Meanwhile at Beignets & Lattes in Helena, Carolyn Linski continues to serve up her popular New Orleans-style beignets, albeit with a different cooking oil due to sharp cost increases. She indicated it costs about $100 for a 5-gallon container of the cottonseed oil they were previously using, and it would take two and a half of them to fill her fryer.
“The cottonseed oil that we were using, it doubled in price over one night,” she said. “So we didn’t have to go up in our prices, we got a different oil. It tastes the same, it does the same. It doesn’t last as long but pretty darn close.”
According to Linski, the replacement oil does not affect the quality of her food, which was an important thing to consider. But the cost of everything has gone up, from plastic cups and straws for cold drinks to base ingredients.
“I think even our beignet mix, it went up a little bit. But we can’t change that; that’s a must,” Linski said.
Something that can be changed is the container. A while back, Beignets & Lattes switched from foldable boxes to pizza boxes for their beignets, something that worked to their advantage because Linski said they are not only more affordable but also work better.
One result of the pandemic was losing employees, but having a smaller employee base has helped the business even though Linski did not want to lose workers. It has also helped to shorten the store’s hours from closing at 6 p.m. to closing most days at 1 p.m.
“That alone has helped a lot, because we’re not just sitting here because we weren’t very busy, so my labor percentage went up,” she said.
Linski and her daughter, Heather Crittenden, are in the process of opening a new restaurant, Azalea Café in Alabaster, which will be a brunch-themed venue featuring her beignets and coffee among other selections.
Also in Alabaster across from Shelby Baptist Medical Center is another veteran of the restaurant business, Tyre Stuckey, the owner of Birds & Burgers. Stuckey said that in his 22 years in the business, he has never seen anything like the inflation going on now.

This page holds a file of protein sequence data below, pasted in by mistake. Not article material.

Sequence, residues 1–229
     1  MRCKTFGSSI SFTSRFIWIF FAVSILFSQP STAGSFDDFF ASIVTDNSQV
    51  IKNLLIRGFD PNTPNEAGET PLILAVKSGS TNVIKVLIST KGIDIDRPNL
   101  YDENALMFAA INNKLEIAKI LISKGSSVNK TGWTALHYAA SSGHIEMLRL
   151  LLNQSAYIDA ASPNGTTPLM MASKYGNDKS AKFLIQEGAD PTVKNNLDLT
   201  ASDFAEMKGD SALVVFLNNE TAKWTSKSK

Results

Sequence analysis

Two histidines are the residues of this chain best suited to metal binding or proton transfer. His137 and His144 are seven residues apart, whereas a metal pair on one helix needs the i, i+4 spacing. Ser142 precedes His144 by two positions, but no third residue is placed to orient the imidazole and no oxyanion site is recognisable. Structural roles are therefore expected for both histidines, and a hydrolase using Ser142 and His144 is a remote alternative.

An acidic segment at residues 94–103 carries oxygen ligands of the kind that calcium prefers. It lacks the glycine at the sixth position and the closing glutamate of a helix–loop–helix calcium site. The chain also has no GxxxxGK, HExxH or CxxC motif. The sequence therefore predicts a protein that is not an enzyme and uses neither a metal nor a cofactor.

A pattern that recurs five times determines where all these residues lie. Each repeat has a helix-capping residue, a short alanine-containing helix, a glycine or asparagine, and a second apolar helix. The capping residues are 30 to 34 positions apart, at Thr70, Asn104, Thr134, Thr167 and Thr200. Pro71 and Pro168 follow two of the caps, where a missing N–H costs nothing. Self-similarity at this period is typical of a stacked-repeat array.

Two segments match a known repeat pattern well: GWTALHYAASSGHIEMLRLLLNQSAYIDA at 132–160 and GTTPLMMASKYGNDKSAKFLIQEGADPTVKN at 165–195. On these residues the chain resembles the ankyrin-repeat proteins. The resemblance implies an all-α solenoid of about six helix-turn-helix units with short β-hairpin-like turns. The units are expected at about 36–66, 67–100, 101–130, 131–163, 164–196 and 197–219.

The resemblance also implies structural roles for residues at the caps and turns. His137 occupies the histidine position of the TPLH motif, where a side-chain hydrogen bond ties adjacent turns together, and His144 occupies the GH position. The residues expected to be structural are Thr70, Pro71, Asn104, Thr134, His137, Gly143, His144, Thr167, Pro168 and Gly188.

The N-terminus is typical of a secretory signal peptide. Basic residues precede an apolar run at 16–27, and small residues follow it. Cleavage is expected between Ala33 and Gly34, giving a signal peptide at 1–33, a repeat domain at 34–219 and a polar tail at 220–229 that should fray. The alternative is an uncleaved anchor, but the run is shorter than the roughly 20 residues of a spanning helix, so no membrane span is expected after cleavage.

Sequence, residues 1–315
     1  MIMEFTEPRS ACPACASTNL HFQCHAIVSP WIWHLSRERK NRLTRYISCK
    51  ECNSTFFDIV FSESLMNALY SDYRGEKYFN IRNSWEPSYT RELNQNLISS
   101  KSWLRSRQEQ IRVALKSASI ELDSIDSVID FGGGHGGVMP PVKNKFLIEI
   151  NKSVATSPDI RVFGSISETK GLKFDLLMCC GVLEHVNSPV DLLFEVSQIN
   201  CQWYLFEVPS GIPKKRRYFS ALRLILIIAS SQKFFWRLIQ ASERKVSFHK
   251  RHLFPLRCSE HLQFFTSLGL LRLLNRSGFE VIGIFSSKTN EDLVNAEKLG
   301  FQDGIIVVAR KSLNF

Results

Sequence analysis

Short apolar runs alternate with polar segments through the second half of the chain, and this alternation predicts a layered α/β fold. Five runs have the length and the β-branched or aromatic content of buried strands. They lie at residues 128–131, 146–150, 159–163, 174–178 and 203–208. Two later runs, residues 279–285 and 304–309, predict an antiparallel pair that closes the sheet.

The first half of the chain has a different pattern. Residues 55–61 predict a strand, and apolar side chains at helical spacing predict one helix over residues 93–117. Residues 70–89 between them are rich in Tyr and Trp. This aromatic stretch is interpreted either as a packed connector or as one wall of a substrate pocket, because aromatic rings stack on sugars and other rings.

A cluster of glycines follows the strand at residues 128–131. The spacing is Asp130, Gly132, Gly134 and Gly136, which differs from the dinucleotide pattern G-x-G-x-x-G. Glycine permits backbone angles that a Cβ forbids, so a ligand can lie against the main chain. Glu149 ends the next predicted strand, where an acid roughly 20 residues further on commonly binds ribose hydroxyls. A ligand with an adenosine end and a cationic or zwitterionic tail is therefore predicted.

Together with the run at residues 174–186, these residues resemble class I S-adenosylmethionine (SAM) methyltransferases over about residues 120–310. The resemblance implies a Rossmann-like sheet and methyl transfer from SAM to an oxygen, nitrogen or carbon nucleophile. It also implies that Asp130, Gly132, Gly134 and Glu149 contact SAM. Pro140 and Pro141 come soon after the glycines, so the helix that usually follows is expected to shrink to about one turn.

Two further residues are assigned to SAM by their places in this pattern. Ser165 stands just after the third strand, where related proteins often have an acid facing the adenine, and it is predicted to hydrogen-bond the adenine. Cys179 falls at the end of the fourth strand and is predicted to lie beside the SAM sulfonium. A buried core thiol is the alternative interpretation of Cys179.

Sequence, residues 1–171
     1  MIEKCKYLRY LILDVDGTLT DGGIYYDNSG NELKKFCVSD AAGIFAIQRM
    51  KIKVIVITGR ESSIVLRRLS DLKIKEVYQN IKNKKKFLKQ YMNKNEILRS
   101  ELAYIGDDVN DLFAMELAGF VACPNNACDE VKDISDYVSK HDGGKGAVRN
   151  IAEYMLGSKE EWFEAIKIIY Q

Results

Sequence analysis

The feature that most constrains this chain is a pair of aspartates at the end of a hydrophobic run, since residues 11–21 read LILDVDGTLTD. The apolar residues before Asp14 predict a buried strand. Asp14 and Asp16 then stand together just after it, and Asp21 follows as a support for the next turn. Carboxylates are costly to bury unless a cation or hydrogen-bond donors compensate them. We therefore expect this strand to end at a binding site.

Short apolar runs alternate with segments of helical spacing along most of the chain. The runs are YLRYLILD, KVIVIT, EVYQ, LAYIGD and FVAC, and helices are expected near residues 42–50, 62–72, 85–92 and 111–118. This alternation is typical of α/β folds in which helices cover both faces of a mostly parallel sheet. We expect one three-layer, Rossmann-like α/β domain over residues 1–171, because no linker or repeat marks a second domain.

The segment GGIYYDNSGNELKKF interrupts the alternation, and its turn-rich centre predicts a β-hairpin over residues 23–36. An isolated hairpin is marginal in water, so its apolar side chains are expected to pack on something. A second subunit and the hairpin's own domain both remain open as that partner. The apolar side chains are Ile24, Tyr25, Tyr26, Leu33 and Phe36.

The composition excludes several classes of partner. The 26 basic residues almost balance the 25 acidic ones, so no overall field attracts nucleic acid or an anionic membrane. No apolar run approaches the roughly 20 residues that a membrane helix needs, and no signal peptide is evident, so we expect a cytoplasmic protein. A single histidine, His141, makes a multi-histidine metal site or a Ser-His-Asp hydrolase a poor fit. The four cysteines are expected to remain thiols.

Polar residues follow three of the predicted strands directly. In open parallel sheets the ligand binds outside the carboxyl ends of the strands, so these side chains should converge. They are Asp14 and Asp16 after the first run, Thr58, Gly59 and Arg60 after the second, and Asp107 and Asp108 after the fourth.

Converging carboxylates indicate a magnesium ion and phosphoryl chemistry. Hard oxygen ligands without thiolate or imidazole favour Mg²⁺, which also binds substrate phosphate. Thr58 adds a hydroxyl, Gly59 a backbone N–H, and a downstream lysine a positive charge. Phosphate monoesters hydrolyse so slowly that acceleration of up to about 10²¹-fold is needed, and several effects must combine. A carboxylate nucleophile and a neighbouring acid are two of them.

“Combat would be the word I would use, and I feel more partnered than ever with my food vendors because they can’t sell what they can’t get. It’s impossible. This is a literal combat with trying to keep an idea alive,” he said. “I never wanted to create this idea to fail. No one wants to create something to fail, so the environment that we’re in right now is extremely volatile to continue to serve the customer, but we are not a nonprofit. We are a for-profit institution, and we must adjust.”
Like others who are dedicated to their customers, one thing that Stuckey refuses to adjust is his food quality. That is part of what he calls the “Birds & Burgers Promise.” He says he will not downgrade to any ingredient that would compromise that promise.
“I will not change the quality of my ingredients,” Stuckey said. “My purpose in starting a business was real food at a drive-thru, and I will not change my purpose. And the environment is pushing me to do it, but I will not do it.”
Stuckey has become accustomed to “shuffling” paper products in order to keep costs down as much as possible. He makes sure everybody has a straw, a cup, a bag—but Birds & Burgers has not been able to get French fry containers for three months so they are having to box fries, which is costing money.
Stuckey says the economic atmosphere has caused him to view competition differently. For the first time, he says he will send employees to his peers. This is because he wants every restaurant to succeed.
“When a restaurant closes, my eyes weaken,” Stuckey said.
He admitted that he is a bit surprised that consumers are not adjusting to the change as quickly. People seem to think that the prices are going to go back down soon. Of course, being in the restaurant business gives Stuckey a different lens so he at least knows if there will be any change in prices over the next 14 days.
Stuckey indicated he doesn’t see any changes happening soon.